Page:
[Idiom] a better self

contiluo

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Do the sentences below make sense? How can I make them sound natural? Which is better?


  1. As the years go on, no matter how many goals we have achieved, we’ll meet a better self in the future.
  2. As the years go by, no matter how many dreams we have fulfilled, we’ll become a better self in the future.
  3. As time goes by, no matter how many dreams we have achieved, we’ll make ourselves a better person.
 
J

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Your sentences read as if you become a better person despite "goals achieved", "dreams fulfilled", or "dreams achieved".

To rephrase your #2 example, 'I will become a better self, even if I do fulfill my dreams.' I'm pretty sure that's not what you mean.
 

GoesStation

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Please change only one part of a sentence if you want our opinion of which version is better.
 

contiluo

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I'm confused, so I rephrase them as follows. Do they make sense?

1. As the years go by, no matter how many dreams we've fulfilled, we'll see a better self.
2. With the passage of time, no matter how many dreams we've fulfilled, we'll meet a better self.
 

emsr2d2

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I'm confused, so I rephrase them as follows. Do they make sense?

1. As the years go by, no matter how many dreams we've fulfilled, we'll see a better self.
2. With the passage of time, no matter how many dreams we've fulfilled, we'll meet a better self.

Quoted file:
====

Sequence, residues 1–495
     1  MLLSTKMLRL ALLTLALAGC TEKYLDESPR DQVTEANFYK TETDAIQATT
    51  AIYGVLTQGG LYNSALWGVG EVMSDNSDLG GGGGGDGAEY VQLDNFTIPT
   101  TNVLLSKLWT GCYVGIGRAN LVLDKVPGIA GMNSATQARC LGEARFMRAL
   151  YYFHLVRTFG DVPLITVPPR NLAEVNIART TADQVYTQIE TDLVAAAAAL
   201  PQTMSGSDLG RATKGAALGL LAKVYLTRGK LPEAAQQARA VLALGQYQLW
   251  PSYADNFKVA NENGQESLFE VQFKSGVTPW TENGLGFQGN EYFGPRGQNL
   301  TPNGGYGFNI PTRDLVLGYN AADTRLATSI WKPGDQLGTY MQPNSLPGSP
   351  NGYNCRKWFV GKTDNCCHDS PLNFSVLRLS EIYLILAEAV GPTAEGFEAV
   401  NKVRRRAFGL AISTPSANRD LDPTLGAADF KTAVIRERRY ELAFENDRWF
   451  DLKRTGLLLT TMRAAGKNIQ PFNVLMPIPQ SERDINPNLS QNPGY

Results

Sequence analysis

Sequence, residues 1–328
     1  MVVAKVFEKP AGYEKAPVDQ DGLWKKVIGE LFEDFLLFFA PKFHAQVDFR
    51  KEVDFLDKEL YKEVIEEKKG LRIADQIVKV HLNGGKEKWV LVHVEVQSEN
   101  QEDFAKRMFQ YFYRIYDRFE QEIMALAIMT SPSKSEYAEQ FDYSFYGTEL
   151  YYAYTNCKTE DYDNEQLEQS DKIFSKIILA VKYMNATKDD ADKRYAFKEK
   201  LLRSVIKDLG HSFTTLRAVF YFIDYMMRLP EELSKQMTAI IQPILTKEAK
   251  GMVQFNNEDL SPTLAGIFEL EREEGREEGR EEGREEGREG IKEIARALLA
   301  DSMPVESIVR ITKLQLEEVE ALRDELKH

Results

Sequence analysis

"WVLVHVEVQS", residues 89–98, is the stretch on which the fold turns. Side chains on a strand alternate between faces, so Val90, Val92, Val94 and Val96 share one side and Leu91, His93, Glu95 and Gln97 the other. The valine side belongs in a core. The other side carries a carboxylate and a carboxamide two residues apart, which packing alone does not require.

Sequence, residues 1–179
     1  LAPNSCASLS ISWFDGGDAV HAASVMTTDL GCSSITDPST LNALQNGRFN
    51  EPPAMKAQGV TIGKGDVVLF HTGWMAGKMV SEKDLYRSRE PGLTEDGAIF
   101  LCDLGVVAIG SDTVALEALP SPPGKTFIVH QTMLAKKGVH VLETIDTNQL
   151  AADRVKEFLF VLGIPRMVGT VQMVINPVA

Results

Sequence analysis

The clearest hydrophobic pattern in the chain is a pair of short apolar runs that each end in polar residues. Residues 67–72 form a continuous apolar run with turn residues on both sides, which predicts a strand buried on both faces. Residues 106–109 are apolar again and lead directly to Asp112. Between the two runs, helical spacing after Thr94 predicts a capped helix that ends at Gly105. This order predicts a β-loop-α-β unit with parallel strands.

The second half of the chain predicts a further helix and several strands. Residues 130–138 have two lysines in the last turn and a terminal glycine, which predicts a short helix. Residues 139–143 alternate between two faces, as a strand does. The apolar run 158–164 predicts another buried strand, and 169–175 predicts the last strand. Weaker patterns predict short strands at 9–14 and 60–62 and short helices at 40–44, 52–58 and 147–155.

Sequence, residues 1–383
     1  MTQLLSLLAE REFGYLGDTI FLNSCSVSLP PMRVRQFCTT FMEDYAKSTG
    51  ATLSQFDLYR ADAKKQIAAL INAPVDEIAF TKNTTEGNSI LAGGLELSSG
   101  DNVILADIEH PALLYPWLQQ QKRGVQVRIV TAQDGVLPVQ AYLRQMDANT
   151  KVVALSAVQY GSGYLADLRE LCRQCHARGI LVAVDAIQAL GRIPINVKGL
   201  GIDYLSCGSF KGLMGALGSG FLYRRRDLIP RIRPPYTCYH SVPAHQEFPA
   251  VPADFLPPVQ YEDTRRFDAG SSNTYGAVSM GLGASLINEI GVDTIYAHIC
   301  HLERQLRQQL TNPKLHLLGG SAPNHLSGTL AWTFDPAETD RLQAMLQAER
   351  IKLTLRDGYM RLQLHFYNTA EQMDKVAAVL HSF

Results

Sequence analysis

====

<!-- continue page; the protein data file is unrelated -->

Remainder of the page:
GoesStation asked you to change just one​ part of a sentence if you want us to choose. You have changed both the first part and the last part in sentence 2.
 

contiluo

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As the years go by, no matter how many dreams we have fulfilled, we’ll meet a better self in the future.
 

emsr2d2

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It still doesn't make sense to combine "no matter" with "better".

No matter how many dreams we fulfil, we'll still be disappointed.
If we fulfil all our dreams, we'll be better people in the future.

I don't understand what it is you think will make us better "selves".
 

Raymott

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Ems is right about your logical error. What you are saying is "With time, we will all become better people." The "no matter" phrase can be dispensed with, logically, because you're saying it's irrelevant to the outcome anyway - unless you are making a specific point about the irrelevance of fulfilling dreams to becoming a better person.
 

probus

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Your sentences read as if you become a better person despite "goals achieved", "dreams fulfilled", or "dreams achieved".

To rephrase your #2 example, 'I will become a better self, even if I do fulfill my dreams.' I'm pretty sure that's not what you mean.

The idea that one becomes a better person by virtue of fulfilling one's dreams is illogical and absurd.

As several recent and many historical examples show, one's dreams can be pernicious and evil. I shall refrain from naming my examples to keep the discussion focussed on English rather than politics.
 
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